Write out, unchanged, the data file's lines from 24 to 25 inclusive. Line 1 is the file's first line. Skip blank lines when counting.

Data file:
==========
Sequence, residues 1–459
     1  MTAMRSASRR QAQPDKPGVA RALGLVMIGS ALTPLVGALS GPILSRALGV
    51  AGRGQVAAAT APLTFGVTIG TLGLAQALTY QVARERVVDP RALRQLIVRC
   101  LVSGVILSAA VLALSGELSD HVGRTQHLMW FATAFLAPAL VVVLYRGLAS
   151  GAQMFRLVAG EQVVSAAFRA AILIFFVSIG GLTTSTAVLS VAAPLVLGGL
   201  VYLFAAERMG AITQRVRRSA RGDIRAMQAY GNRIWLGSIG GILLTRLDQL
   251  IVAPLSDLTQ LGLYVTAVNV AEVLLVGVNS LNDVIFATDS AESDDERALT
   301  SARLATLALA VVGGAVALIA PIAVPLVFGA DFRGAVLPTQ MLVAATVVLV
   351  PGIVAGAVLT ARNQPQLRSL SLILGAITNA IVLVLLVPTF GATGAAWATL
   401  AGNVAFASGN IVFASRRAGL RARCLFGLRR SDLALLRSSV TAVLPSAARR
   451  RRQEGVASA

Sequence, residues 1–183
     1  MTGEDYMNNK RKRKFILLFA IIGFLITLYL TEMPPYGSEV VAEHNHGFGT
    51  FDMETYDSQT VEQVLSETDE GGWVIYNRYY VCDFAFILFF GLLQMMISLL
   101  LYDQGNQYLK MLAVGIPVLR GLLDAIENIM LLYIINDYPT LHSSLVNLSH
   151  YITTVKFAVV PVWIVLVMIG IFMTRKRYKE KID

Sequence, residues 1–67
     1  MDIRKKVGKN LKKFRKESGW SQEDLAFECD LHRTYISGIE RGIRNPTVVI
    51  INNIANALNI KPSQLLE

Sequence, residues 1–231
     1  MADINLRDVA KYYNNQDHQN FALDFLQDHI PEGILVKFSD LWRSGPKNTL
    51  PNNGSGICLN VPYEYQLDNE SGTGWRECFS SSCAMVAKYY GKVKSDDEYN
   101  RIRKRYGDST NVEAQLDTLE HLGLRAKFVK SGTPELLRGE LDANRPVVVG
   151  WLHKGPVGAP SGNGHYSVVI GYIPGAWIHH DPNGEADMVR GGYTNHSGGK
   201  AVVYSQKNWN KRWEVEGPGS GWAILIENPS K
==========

   151  WLHKGPVGAP SGNGHYSVVI GYIPGAWIHH DPNGEADMVR GGYTNHSGGK
   201  AVVYSQKNWN KRWEVEGPGS GWAILIENPS K